Monday, July 13, 2009

Letter on my discovery of the Auschwitz crematoria building plans


to Lady Michèle Renouf

Dear Michèle,
Yes, I am the one who discovered the plans of the Auschwitz crematoria. It was in 1976 on my second visit to the camp; my first visit was in 1975.
I haven’t the time to explain to you how I managed to find, on March 19, 1976, all those plans and many other items at the Auschwitz archives centre, where I met Tadeusz Iwaszko, chief archivist at the Auschwitz State Museum.
For years I tried to publish the plans in question. Impossible. One day a friend told me he knew a Spanish journalist who perhaps would agree to publish an interview with me, along with some photos. The newspaper was the Spanish magazine Interviu. The journalist was Vicente Ortuno and the photographer was Jean Marie Pulm. They came to Vichy. They promised me and my friend not to publish any photo of my face, and that an agreement would be signed before any publication. In fact they lied. They quickly published what you can see in Interviu (22-28 February 1979, p. 64-66; please see the reproductions below). In the article I am described as a sadistic Nazi. I have the French translation of that article but it is of no interest. I filed a lawsuit in Paris. I won my case but the amount of damages was ridiculous (the presiding judge was a Jewess by the name of Simone Rozès).
So it was that the Holo Believers had been sitting on those plans for over 30 years after the war. Question: "How is it that the Jews and the Communists decided to hide the plans showing the alleged crime weapon?" The answer is that those plans showed clearly that the alleged homicidal gas chambers were rooms designed and used as mortuaries (or places to keep bodies before their incineration), exactly as, for example, in the Sachsenhausen camp near Berlin (there, the big Leichenkeller was made up of three different rooms: one for bodies in coffins, one for bodies not in coffins and another, equipped with a special isolation system, for contaminated bodies). This kind of place was called a Leichenhalle ("corpse hall") or Leichenkeller ("corpse cellar").
Isn't it odd that the man who had discovered and tried to publish such things was a revisionist, i.e. a non-believer?
In the large photo in Interviu I am seen showing Leichenkeller 1 of crematorium II in Auschwitz-Birkenau; that crematorium was situated near the football field (Sportplatz) where the inmates played soccer matches; sometimes the ball fell into the courtyard of the crematorium and had to be retrieved from there.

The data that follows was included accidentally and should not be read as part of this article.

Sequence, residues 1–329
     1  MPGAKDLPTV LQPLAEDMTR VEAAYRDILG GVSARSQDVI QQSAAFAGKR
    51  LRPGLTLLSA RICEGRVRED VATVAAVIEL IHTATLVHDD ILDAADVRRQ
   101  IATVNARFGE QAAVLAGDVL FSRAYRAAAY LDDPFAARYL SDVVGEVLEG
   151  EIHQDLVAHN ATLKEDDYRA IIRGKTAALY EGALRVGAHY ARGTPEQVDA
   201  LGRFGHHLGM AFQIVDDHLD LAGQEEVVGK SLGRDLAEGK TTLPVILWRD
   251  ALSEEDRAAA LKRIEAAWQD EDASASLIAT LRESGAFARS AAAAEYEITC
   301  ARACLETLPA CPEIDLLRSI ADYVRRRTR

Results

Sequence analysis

In the same photo, behind me can be seen two other plans.
On March 19, 1976 I ordered and paid for 116 photos (I still have the bill) but afterwards I had some serious trouble getting them sent from Poland to Vichy. I had to ask the French Consulate in Cracow to intervene. Of course, to none of those people in Communist Poland had I disclosed that I was a revisionist.
In the smaller photo I am showing Serge Klarsfeld’s book, Mémorial de la déportation des juifs de France (1978), and explaining some of the tricks played by that fraudster in his book.
As soon as they learnt of the Interviu article, the Holo Believers began publishing the same drawings but not without explaining to readers that they had to understand that the German terms were code words which, consequently, needed decoding. Jean-Claude Pressac harboured a predilection for that sort of job, particularly in his enormous book entitled Auschwitz: Technique and Operation of the gas chambers, published in 1989 by the Beate Klarsfeld foundation in New York. But, as you probably know, Pressac ended up recanting his views and, on June 15, 1995 (a month after I had made him testify in a case brought against me [for my Réponse à Jean-Claude Pressac (1994)], signed a paper in which he finally said that the official version of Nazi concentration camp history was "rotten" (pourri) and good only for the "rubbish bins of history" (poubelles de l’histoire). That recantation of his was kept hidden for five years and made public only in March 2000 by a conventional historian, Valérie Igounet, at the very end of her book, Histoire du négationnisme en France, Seuil (Paris), p. 651-652.
Best wishes,
Robert Faurisson
Vichy, July 13, 2009